As I’m reading Shelby Foote’s incredible The Civil War: A Narrative, these are my notes on the points I may have forgotten from before or new pieces I’ve learned. Any and all comments appreciated.
Previous post – Chapter 3
Volume One: Chapter 4
- Pea Ridge; Glorieta; Island Ten
- Halleck-Grant, Johnston-Beauregard: Shiloh
- Farragut, Lovell: New Orleans
- Hallech, Beauregard: Corinth
High confederate hopes in the West…
- From page 293: “Believing in his Union days that the nation’s destiny pointed south and west, he [Jefferson Davis] had engineered the Gadsden Purchase and even imported camels in an attempt to solve the sandy transportation problem.”
- Same page: “…Control of the former would establish sound financial credit on which the South could draw for securing war supplies abroad, while the opening of Confederate ports along the Pacific Coast would insure their delivery by stretching the tenuous Federal blockage past the snapping point. Satisfying as all this was as a solution to present problems, an even more dazzling prospect still remained. Having forged its independence in the crucible of war, the new nation could then return to the old southern nationalist dream of expansion, acquiring by purchase or conquest the adjoining Mexican states of Chihuahua, Sonora, and Baja California. After these would come others, less near but no less valuable: Cuba, for instance, then Central America, and all that lay between. Van Dorn seizing St. Louis as a base for a march through Illinois to subdue the Middle West, Beauregard dictating peace terms in the White House after the Battle of Cleveland or Lake Erie – glorious as these scenes were to contemplate in the mind’s eye, they were pale indeed in contrast to the glittering light of victory by way of California.”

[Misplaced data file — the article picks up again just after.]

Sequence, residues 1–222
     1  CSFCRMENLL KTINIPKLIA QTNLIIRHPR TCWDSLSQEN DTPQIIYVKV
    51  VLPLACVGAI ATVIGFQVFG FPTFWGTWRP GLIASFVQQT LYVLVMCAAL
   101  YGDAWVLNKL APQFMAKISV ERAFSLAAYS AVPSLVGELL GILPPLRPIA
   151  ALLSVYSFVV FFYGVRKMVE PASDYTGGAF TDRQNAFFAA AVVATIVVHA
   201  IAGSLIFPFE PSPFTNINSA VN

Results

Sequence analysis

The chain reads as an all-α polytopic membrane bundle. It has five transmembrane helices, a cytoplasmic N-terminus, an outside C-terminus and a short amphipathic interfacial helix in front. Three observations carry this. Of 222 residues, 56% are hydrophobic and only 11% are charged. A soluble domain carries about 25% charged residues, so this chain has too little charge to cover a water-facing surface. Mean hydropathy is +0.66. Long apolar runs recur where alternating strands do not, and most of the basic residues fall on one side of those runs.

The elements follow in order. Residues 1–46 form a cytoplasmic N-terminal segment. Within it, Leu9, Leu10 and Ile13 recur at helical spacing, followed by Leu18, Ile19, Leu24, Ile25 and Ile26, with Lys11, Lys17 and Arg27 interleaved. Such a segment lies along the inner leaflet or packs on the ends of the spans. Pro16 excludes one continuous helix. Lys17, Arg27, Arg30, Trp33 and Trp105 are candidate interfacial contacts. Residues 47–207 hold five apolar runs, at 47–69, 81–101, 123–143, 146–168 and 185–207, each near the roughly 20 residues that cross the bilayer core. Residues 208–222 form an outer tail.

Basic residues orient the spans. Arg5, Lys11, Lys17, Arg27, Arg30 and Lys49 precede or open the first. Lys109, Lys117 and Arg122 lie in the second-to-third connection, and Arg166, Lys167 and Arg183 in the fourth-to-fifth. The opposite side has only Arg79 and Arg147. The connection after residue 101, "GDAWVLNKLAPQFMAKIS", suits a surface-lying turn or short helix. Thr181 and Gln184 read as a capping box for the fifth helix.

But Sibley could not defeat the Federal army between the Rio Grande and Albuquerque.
May 4: “As far as New Mexico and the Far West were concerned, the Civil War was over.”
Battle of Shiloh: the numbers just got distressingly large, and it is only April, 1862
- From page 350: “Union losses were 1754 killed, 8408 wounded, 2885 captured: total, 13,047 – about 2000 of them Buell’s. Confederate losses were 1723 killed, 8012 wounded, 959 missing: total 10,694. Of the 100,000 soldiers engaged in this first great bloody conflict of the war, approximately one out of every four who had gone into battle had been killed wounded or captured. Casualties were 24 percent, the same as Waterloo’s. Yet Waterloo had settled something, while this one apparently had settled nothing. When it was over, the two armies were back where they started, with other Waterloos ahead. In another sense, it settled a great deal. The American volunteer, whichever side he was on in this war, and however green, would fight as fiercely and stand as firmly as the vaunted veterans of Europe.”
- From page 351: “The battle losses were another matter, providing some grim arithmetic for study. Total American casualties in all three of the nation’s previous wars – the Revolution, the War of 1812 and the Mexican War: 10,623+6765+5885 – were 23,273. Shiloh’s totaled 23,741, and most of them were Grant’s.”